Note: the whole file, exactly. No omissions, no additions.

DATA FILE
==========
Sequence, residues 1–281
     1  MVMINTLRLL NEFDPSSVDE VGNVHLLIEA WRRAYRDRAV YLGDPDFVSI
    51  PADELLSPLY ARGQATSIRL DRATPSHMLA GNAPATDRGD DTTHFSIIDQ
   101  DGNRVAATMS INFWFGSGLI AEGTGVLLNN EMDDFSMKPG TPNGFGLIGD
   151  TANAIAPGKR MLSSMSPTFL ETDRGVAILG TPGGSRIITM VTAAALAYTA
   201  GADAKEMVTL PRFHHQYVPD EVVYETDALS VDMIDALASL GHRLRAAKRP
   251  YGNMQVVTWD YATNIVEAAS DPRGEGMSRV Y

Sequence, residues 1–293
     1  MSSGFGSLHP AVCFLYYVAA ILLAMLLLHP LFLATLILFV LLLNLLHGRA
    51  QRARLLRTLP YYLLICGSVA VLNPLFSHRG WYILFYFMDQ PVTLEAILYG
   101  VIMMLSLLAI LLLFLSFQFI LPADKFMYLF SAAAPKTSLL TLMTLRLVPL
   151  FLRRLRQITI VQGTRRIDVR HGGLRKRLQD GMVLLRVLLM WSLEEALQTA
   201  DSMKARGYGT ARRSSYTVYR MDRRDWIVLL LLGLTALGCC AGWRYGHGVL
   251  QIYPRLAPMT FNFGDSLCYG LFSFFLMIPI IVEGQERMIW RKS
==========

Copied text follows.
Sequence, residues 1–281
     1  MVMINTLRLL NEFDPSSVDE VGNVHLLIEA WRRAYRDRAV YLGDPDFVSI
    51  PADELLSPLY ARGQATSIRL DRATPSHMLA GNAPATDRGD DTTHFSIIDQ
   101  DGNRVAATMS INFWFGSGLI AEGTGVLLNN EMDDFSMKPG TPNGFGLIGD
   151  TANAIAPGKR MLSSMSPTFL ETDRGVAILG TPGGSRIITM VTAAALAYTA
   201  GADAKEMVTL PRFHHQYVPD EVVYETDALS VDMIDALASL GHRLRAAKRP
   251  YGNMQVVTWD YATNIVEAAS DPRGEGMSRV Y

Sequence, residues 1–293
     1  MSSGFGSLHP AVCFLYYVAA ILLAMLLLHP LFLATLILFV LLLNLLHGRA
    51  QRARLLRTLP YYLLICGSVA VLNPLFSHRG WYILFYFMDQ PVTLEAILYG
   101  VIMMLSLLAI LLLFLSFQFI LPADKFMYLF SAAAPKTSLL TLMTLRLVPL
   151  FLRRLRQITI VQGTRRIDVR HGGLRKRLQD GMVLLRVLLM WSLEEALQTA
   201  DSMKARGYGT ARRSSYTVYR MDRRDWIVLL LLGLTALGCC AGWRYGHGVL
   251  QIYPRLAPMT FNFGDSLCYG LFSFFLMIPI IVEGQERMIW RKS